Prof’s New Winter Work to Air on CBC Radio

November 23, 2011 - Campus Bulletin

Judith Thompson, a University of Guelph theatre studies professor and award-winning playwright, is one of 10 Governor General’s Award-winning writers who will be featured in a special series called “Winter Tales” airing on CBC Radio.

The series celebrates the 75th anniversary of the Governor General’s Awards and the CBC.

Thompson has written and performed a monologue called “Sundays in January” to be featured on The Sunday Edition this week. The program airs across Canada on CBC Radio One at 9:10 a.m. in each time zone.

“Sundays in January” tells the story of a young girl longing to escape the emotional blizzard inside her house.

“When I was asked to write a short story or essay or monologue on the subject of winter, my first thoughts were clichéd and generic — rhapsodizing about moonlight on snow and warm coffee houses — so I dismissed them immediately,” Thompson said.

“I thought about the misconception that cold weather is what causes people to get more colds in the winter, when in fact it’s being inside together that allows germs to circulate and cause problems. So that led me to the idea of a young girl who loves the outdoors in winter but hates the indoors. Once I had that idea, the monologue wrote itself.”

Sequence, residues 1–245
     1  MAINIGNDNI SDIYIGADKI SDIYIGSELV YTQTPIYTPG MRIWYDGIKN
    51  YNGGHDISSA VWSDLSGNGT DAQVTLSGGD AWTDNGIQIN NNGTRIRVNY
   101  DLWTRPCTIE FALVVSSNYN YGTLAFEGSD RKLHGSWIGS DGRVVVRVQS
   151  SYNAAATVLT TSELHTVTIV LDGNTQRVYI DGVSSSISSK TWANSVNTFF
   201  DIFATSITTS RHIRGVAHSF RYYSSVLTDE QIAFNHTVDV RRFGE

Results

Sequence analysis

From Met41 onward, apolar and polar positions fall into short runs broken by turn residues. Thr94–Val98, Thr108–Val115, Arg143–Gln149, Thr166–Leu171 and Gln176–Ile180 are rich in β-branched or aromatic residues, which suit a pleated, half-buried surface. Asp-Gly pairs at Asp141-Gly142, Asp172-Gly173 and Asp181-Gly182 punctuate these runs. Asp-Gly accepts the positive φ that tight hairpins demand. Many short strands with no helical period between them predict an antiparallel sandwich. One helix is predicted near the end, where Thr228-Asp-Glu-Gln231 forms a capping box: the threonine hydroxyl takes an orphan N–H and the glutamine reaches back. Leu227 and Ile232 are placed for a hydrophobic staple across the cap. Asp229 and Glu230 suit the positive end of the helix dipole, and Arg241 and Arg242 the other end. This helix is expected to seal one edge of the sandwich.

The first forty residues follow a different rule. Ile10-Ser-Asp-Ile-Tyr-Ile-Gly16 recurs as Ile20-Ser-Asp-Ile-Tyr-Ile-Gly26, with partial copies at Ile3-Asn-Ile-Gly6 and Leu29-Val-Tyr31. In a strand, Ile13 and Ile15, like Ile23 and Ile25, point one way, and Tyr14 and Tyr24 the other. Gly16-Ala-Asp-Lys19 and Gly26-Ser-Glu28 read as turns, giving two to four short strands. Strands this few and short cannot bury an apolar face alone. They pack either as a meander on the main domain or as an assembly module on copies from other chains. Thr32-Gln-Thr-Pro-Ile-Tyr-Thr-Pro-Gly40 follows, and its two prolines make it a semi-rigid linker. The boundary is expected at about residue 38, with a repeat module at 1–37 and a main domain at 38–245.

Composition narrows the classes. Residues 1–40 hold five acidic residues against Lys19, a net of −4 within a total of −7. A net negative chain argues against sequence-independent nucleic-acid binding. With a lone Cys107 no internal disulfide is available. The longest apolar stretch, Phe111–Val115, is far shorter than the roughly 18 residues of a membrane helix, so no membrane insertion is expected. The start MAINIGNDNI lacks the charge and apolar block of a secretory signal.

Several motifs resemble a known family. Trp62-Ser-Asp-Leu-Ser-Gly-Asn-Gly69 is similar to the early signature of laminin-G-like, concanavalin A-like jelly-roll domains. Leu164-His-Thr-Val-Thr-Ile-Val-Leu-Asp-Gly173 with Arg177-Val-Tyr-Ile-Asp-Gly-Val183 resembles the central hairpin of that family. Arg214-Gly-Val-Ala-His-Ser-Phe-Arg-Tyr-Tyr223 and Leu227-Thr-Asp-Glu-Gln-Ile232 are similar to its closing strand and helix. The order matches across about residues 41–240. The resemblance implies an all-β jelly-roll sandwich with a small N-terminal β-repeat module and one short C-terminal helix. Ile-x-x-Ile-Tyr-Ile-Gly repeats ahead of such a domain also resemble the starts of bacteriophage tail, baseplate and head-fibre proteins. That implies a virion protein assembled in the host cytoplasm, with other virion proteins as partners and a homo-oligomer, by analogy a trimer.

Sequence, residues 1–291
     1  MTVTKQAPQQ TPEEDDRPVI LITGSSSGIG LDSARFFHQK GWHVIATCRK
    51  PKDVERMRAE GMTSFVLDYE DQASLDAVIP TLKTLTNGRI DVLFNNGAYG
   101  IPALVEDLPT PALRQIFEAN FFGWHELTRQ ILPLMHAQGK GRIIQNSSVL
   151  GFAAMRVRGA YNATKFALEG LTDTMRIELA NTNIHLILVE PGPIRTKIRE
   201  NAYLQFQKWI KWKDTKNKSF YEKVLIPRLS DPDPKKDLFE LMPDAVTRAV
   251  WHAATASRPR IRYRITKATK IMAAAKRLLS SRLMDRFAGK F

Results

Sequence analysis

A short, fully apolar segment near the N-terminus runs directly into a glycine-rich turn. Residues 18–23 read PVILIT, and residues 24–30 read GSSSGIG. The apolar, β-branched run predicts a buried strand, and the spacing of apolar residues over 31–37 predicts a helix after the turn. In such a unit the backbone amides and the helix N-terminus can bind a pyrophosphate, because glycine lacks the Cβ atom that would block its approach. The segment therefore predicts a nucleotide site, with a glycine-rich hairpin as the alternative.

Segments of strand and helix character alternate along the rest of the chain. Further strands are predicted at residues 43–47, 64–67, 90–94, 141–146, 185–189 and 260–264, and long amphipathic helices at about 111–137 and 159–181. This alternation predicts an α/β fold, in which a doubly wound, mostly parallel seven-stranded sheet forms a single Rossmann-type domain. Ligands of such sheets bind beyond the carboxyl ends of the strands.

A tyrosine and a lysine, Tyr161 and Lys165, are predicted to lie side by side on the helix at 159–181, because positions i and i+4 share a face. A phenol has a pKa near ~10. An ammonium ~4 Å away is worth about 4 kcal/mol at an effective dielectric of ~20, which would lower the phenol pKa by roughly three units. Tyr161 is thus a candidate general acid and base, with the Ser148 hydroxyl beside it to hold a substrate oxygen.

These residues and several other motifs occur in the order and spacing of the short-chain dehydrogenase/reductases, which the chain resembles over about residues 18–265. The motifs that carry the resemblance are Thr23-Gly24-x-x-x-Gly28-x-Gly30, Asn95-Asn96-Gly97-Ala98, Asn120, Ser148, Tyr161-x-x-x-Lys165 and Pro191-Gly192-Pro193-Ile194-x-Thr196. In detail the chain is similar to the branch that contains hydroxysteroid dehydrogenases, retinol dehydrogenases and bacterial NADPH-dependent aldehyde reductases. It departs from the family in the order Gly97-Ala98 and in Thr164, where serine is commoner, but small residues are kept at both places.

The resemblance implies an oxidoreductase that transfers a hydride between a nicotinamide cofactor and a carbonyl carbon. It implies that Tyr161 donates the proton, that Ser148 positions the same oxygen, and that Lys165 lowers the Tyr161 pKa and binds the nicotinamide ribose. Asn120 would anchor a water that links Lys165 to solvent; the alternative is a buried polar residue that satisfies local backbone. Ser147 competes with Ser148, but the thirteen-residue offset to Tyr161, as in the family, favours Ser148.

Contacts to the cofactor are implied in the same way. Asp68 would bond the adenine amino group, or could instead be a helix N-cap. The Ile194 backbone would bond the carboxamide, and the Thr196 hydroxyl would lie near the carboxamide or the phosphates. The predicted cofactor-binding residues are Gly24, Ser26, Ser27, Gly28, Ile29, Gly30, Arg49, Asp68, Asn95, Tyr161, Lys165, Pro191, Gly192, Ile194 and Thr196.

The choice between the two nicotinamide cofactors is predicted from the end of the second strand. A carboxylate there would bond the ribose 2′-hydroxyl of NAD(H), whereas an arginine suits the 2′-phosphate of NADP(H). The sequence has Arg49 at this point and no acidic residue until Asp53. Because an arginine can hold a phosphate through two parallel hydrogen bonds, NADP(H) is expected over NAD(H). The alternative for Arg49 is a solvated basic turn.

Thompson said performing the monologue required her to “think like a 12-year-old but not try to imitate the voice of a 12-year-old. For me, though it was a 45-year stretch, it really was not much of a stretch.”

A widely recognized playwright, director, screenwriter, actor and producer, Thompson is a two-time winner of the Governor General’s Literary Award for Drama for The Other Side of the Dark (1989) and White Biting Dog (1984).

She was a 2008 finalist for Palace of the End, a political play currently running to full houses in Brazil and about to tour Italy.

A U of G professor since 1992, Thompson won the 2009 Amnesty International Freedom of Expression Award. In 2008, she was the first Canadian to win the international Susan Smith Blackburn Prize. She has been nominated twice for a Genie Award, was a finalist for the inaugural Premier’s Award for Excellence in the Arts and won the Floyd S. Chalmers Canadian Play Award.

In 2005, she was named an Officer of the Order of Canada for her outstanding contributions in arts and writing.

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